Philosophical Biography of L. Boltzmann
During the second half of his working life, Boltzmann’s centre of interest shifted to philosophy. In his philosophy, he generalized his experience as a physicist and a protagonist of atomistics. He dealt with the essence of physical theories and the mechanism of their evolution. Much attention was paid to the main problem of epistemology, the relationship of existence and consciousness. Boltzmann followed Mach in teaching natural philosophy in Vienna University. But in contrast to him Boltzmann insisted on the necessity of accepting the reality of the external world, unless one wanted to embrace solipsism. Boltzmann called his philosophy realism, and, later, materialism. The evolution of theories and ideas was considered from the point of view of Darwinism, whose fiery supporter Boltzmann was. The laws of thinking are, though largely inborn, by no means infallible. They developed by proving their worth in practice, and need readjustment when they do not fit experience any longer. Our ideas about Euclidian space were given as an example. The Darwinist approach was also applied by Boltzmann to the evolution of ethical and aesthetical feelings and concepts. Boltzmann’s philosophical views, put forward with great temperament, led to his increasing intellectual isolation. An attempt is now made by the author to assess Boltzmann’s position within contemporary Austrian society. In the author’s view, the feeling of isolation greatly contributed to Boltzmann’s suicide.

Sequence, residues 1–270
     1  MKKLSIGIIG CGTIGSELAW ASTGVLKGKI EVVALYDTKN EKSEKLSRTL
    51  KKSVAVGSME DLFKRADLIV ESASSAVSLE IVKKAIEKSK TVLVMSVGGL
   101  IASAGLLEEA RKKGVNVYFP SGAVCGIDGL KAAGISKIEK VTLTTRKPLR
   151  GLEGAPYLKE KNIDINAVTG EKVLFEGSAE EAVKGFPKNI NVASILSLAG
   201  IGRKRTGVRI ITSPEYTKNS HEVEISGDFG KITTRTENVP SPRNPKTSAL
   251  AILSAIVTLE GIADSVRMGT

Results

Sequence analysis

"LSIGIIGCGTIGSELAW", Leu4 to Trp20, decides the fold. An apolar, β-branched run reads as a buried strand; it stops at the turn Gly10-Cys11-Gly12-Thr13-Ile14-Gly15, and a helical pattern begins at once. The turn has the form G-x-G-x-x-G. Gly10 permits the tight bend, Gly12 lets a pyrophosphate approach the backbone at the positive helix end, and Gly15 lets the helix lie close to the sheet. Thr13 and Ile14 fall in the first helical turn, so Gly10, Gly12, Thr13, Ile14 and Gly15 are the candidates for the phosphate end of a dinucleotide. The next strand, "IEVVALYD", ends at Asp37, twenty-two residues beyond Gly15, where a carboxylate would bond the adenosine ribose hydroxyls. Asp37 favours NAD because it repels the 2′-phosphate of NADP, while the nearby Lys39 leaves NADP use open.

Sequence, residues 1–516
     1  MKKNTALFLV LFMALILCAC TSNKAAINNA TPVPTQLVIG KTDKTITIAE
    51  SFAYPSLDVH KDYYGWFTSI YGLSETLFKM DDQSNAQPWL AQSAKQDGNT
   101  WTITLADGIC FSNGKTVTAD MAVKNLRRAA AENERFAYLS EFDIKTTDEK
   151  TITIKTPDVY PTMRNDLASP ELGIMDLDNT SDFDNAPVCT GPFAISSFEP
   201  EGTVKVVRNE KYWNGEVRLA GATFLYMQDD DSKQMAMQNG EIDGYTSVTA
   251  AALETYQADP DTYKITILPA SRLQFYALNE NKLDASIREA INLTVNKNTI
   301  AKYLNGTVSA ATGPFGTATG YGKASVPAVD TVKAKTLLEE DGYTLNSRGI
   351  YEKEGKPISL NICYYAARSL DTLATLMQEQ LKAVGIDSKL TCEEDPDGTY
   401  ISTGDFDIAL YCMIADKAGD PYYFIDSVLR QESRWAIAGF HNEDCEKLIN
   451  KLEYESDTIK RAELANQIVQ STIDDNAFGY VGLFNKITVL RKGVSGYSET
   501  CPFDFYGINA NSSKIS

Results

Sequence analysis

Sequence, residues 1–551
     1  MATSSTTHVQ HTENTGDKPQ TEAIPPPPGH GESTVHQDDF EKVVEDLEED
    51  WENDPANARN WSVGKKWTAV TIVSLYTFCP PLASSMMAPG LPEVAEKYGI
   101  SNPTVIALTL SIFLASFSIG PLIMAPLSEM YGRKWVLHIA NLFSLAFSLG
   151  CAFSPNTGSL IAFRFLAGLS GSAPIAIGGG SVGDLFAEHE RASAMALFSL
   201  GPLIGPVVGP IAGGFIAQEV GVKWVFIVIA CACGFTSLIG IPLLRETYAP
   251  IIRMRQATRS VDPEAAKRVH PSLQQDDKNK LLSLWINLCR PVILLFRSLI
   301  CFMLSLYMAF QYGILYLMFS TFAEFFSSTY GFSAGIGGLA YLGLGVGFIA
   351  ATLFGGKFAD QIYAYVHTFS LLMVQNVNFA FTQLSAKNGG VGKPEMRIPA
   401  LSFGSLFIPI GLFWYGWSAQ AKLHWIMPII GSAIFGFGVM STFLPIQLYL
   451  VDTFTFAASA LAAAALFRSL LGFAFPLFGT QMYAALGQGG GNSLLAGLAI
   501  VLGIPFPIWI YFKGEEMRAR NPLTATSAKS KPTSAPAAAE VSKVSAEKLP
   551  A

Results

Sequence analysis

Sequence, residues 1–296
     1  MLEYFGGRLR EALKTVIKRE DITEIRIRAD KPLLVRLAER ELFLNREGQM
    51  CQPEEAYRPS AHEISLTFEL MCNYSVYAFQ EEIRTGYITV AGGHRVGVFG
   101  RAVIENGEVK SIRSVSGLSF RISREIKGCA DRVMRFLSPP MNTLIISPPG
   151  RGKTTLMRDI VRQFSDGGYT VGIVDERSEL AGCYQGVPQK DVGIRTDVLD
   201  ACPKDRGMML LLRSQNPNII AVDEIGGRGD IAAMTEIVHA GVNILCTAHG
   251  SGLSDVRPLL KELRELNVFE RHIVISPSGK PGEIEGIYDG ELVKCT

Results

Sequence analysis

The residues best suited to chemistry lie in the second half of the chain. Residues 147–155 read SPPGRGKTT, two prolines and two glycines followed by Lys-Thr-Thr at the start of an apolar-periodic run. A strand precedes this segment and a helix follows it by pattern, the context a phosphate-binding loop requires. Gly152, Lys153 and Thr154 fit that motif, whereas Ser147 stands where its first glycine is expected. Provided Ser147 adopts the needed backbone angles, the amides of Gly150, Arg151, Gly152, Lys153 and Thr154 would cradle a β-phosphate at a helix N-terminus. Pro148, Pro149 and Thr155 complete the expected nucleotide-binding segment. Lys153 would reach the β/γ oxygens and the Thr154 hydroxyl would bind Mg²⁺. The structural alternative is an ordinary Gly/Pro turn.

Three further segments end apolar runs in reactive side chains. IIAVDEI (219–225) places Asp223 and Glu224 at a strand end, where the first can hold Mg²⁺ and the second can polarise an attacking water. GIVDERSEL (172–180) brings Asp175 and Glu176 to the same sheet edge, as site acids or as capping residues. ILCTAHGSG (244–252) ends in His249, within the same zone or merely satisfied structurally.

KeywordsExternal World Sensual Perception Objective Existence Inaugural Lecture Philosophy Realism
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- L. Boltzmann, Populäre Schriften, Leipzig 1905. Whenever in the present paper Boltzmann is quoted by paper title and year only, the source is found in that volume and in . Many of the passages from Boltzmann’s papers have been selected and quoted before by me .Google Scholar
- L. Boltzmann, Wissenschaftliche Abhandlungen, ed. F. Hasenöhrl, Vols. 1–3, Leipzig 1909Google Scholar
- E. Broda, L. Boltzmann, Mensch-Physiker-Philosoph, Vienna 1955 and Berlin 1957.Google Scholar
- Concerning the social setting, the following point may be made. Already in his life time, Boltzmann was greatly respected as a physicist, nationally and internationally. He was, for instance, a member of many Academies. Also the Austrian civil servants, among whom were enlightened men, appreciated Boltzmann as a physicist. He was even given the title Hofrat (Court Councillor). Twice the Austrian patriot was recalled to his beloved country from Germany - the second time only on his word of honour never to leave Austria again. But characteristically, in spite of his magnificent title, he never appears to have been consulted by Government or Emperor even in professional matters, although he held that great men ought to take part in public life (see Obituary to Loschmidt).Google Scholar
- Kaiser Wilhelm the Second was certainly an unpleasant and dangerous person - but he did want to know the scientific and technical views of Fritz Haber, Richard Willstätter and Otto Hahn. For Franz Joseph and his entourage, science was not interesting.-The same was true of the heir presumptive, the Archduke Franz Ferdinand, later assassinated in Saraievo, however much he otherwise was opposed to his uncle .Google Scholar
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- These problems have been treated in a separate essay: E. Broda, Warum ist es in Österreich um die Naturwissenschaft so schlecht bestellt?, in H. Fischer, ed., Versäumnisse und Chancen, Vienna 1967. I am referring to this essay because of the discussion of the past. The passages about the present are largely obsolete now.Google Scholar
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